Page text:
CAIRO: The National Democratic Party (NDP) is working on a major reform plan that includes changing its structure, name, slogan and programs and finding a new leader to succeed ousted Egyptian president Hosni Mubarak, a senior member said.
Mubarak, who stepped down on Feb. 11 after 18 days of nationwide demonstrations, remains the president of the ruling party, but only on paper, according to Maged Al-Sherbeeny, secretary for membership affairs and member of the NDP’s politburo.
The party is planning to hold a general assembly "once security conditions permit" to elect its new president to succeed Mubarak, Al-Sherbeeny told Daily News Egypt.
The NDP is also planning to compete in the upcoming legislative elections; however, it has yet to decide on the capacity of this participation.
He said that the NDP is adamant on participating in the upcoming elections but will not seek a majority.
"This comes as a gesture … to instill public confidence; however, we will decide on how we will participate according to the date of the elections and whether it will adopt the individual or rosters system," Al-Sherbeeny said.
"We must begin by eliminating this negative public stereotype of the party due to the accumulation of certain practices through the past years," Al-Sherbeeny said.
The three-phase plan includes restructuring the NDP starting from partisan units to the general secretariat to allow youth under 30 to form 30 percent of the party base and 25 percent of its general secretariat.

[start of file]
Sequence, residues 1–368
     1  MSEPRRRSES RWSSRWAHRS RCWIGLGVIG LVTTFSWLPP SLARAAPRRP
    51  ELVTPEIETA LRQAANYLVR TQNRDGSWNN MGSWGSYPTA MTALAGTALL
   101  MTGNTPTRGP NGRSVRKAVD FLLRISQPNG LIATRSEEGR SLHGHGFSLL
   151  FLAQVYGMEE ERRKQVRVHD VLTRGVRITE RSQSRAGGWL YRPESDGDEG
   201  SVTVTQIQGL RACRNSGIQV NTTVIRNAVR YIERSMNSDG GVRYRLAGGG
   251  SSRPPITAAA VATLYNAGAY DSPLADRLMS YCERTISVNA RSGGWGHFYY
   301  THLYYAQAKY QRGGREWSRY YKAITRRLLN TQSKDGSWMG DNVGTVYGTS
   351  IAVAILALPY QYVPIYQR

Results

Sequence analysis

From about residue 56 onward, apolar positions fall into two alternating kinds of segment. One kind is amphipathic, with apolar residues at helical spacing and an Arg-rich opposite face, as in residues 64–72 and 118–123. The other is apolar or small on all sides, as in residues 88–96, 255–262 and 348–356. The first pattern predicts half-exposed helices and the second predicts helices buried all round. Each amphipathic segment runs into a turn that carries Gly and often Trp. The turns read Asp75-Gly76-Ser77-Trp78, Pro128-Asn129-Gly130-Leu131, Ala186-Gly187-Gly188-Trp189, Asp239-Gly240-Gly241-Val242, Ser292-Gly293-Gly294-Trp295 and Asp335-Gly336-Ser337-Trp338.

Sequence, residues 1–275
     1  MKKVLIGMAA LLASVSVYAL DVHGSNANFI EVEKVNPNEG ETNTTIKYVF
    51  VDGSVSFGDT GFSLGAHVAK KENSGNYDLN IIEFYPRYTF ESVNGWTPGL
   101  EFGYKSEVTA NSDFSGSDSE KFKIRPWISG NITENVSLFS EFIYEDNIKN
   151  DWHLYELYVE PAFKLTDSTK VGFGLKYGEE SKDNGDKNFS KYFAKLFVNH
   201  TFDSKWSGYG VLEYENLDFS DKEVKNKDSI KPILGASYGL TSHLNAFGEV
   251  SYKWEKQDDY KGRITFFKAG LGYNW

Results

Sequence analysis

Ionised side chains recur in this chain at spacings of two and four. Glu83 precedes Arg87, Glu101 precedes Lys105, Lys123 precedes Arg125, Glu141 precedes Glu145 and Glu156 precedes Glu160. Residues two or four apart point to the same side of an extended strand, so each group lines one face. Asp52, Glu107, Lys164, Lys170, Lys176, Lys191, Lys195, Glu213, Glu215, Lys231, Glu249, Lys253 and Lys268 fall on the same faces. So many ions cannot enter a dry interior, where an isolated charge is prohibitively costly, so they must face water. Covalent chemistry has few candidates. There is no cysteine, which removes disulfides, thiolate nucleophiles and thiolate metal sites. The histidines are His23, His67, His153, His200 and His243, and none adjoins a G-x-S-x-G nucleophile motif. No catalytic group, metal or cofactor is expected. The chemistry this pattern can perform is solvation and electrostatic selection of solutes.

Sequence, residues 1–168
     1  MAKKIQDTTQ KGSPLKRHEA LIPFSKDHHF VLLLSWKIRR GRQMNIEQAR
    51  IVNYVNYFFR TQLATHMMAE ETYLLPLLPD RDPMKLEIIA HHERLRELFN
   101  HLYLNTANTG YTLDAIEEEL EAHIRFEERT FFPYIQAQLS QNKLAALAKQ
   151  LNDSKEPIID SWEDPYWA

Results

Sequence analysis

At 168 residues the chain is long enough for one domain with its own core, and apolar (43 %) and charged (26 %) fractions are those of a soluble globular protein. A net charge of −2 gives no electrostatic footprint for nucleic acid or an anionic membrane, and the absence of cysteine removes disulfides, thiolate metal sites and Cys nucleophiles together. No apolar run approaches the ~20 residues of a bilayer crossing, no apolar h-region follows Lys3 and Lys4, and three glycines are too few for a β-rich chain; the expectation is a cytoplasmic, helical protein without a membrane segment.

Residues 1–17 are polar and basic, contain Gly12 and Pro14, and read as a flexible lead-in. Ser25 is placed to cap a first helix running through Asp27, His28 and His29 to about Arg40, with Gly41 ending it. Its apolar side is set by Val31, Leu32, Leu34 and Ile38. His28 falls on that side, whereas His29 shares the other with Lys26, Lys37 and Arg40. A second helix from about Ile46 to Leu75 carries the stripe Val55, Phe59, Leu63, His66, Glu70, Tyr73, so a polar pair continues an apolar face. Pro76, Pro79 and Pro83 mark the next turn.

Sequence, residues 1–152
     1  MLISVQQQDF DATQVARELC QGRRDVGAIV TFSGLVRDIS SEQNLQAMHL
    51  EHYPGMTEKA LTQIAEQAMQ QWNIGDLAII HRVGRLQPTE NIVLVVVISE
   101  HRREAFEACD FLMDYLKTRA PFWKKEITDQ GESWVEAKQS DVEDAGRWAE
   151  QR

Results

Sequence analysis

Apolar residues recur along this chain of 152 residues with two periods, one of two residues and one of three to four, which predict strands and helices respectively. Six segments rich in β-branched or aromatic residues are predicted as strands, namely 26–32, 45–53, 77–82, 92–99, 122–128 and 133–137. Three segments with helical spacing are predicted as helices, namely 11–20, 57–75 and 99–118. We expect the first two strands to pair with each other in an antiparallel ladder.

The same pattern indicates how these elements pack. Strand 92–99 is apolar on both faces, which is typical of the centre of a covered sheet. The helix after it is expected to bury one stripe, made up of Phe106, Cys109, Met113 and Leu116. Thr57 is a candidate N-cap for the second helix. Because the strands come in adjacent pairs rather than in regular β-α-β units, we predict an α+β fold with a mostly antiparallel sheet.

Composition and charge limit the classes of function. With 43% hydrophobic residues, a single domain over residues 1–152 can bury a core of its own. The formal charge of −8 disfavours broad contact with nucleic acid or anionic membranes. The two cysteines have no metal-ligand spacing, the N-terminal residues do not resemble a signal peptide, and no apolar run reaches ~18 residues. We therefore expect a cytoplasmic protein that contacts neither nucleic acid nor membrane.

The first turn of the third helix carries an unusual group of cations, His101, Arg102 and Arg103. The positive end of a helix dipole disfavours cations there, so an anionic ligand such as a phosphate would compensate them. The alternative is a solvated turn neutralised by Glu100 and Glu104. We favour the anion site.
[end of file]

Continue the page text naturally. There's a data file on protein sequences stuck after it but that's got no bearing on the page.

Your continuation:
According to the plan, all leaderships in central units in governorates who contributed to the distortion of the party’s public image or who exploited their posts will be replaced. The party will also modify some of its programs, focusing more on social justice.
A new name and slogan will be chosen for the party.
"We are creating a new party from within the old one, led by the reform stream inside the NDP," Al-Sherbeeny said.
"The party’s basic principles are the same as those of the revolution; we are trying to attract public figures who are accepted by the people, believe in the party’s principles and have leadership skills to rebuild the party," he added.
A board of trustees is set to be formed from these figures to run the party until a new president is elected.
The NDP’s headquarters was set on fire during the revolution and a number of its leaders are now facing corruption charges.
Al-Sherbeeny said that if this plan isn’t implemented, he and others in the party will resign.
He urged Egyptians not to judge the party based on stereotypes and to avoid bias.